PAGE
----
In her recent articles in Foreign Affairs and the Irregular Warfare Initiative at Modern War Institute Rachel Tecott paints a quite bleak picture about US Security Force Assistance efforts. In both of these articles the author arrives to strong conclusions by suggesting that the US approach to building foreign militaries does not deliver the expected results and even argues that recent events “exposed the rot” within these efforts. While there are several compelling and thought-provoking points in these articles their arguments and conclusions seem to be significantly weakened by the authors` narrow definition of US security force assistance efforts` scope and objectives, and the cherry-picking of scholarly literature and cases that scream obvious confirmation bias. A more comprehensive investigation of the issue at hand reveals that the topic is much more complex than presented in these two articles and while undeniably there are several bad cases in the history of US security force assistance efforts they also have yield some great results as well.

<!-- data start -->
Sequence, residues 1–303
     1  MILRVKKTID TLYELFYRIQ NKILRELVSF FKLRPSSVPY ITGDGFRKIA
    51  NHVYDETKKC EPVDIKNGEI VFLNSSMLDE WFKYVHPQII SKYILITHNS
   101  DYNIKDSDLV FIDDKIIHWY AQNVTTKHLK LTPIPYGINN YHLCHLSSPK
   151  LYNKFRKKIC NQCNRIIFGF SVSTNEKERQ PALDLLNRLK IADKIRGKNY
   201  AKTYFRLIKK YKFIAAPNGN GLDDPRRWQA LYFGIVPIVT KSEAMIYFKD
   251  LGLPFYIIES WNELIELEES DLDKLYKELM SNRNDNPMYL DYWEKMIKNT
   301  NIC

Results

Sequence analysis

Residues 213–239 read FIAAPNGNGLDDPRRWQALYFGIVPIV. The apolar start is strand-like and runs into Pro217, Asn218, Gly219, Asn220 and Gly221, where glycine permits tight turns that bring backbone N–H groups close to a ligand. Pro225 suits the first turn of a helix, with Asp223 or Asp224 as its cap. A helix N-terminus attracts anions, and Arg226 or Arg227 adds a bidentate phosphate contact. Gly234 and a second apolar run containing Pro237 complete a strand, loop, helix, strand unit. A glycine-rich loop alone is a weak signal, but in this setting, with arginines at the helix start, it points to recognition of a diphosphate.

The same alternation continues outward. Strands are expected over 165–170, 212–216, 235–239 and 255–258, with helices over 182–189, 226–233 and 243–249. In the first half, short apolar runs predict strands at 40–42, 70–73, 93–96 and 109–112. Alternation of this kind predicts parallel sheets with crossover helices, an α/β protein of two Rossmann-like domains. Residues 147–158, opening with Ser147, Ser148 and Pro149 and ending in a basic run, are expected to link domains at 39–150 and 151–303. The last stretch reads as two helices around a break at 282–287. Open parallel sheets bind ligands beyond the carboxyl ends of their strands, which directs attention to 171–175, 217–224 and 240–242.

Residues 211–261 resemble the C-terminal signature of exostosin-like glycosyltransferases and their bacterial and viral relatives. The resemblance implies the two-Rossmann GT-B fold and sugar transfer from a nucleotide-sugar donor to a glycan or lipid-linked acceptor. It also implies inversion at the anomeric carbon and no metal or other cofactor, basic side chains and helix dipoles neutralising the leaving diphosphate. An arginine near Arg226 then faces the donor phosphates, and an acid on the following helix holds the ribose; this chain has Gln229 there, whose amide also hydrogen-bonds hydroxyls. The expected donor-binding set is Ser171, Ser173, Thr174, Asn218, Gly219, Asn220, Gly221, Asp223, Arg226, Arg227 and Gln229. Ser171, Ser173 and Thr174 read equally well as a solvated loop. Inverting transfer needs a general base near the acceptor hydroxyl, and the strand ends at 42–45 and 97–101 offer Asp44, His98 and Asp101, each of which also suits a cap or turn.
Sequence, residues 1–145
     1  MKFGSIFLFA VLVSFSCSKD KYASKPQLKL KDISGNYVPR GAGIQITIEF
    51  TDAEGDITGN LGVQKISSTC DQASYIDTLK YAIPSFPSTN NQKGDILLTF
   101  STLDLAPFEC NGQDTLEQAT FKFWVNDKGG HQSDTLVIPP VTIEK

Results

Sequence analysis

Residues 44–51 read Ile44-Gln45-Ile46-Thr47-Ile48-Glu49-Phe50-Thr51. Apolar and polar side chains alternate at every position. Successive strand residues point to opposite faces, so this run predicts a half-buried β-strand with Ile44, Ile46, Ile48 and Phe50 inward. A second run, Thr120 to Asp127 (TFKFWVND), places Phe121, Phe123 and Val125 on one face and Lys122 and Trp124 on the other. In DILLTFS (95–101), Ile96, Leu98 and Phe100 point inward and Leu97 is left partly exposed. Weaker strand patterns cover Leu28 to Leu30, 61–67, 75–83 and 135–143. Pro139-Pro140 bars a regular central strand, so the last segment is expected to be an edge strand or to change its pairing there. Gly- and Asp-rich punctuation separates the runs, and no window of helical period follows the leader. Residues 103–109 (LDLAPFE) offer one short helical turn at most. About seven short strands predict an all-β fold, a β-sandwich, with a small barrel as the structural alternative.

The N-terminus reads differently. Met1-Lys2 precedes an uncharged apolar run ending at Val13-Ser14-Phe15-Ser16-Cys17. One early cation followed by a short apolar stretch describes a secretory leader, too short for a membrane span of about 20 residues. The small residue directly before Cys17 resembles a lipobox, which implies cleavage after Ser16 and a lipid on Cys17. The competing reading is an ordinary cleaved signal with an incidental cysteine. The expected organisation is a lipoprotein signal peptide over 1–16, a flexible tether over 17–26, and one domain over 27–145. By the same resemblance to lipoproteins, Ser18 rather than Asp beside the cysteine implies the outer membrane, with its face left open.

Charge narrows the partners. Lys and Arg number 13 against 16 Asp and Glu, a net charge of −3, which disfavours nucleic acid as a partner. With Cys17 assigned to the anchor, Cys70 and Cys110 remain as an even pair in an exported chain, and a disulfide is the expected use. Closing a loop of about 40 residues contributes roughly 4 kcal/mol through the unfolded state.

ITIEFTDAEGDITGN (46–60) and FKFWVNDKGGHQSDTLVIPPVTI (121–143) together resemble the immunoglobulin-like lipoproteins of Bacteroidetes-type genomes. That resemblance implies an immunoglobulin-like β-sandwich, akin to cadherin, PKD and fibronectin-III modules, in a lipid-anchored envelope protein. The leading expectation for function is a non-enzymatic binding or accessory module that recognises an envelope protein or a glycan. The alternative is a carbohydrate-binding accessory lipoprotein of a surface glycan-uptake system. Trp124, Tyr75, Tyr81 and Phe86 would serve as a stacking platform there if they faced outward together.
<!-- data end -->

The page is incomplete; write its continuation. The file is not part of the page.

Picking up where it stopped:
Security Force Asistance
Analysis/Commentary: Pentagon Announces Army 1st SFAB Deployment to Counter Surge in Violent Extremism and Russian/Chinese Competition
Last Wednesday, the Pentagon announced the Army’s 1st SFAB (SFAB—Security Force Assistance Brigade) would deploy within the coming weeks to conduct train, advise, and assist missions in select African countries. This is a good move as it sustains U.S. military presence, and reinforces U.S. commitment to regional security partners as they work to beat back violent extremist and strategic competitor gains for influence.
About the Author(s)
A reduced U.S. military footprint around the world coupled with an increase in state and non-state threats has forced us to reconsider our strategy and posture.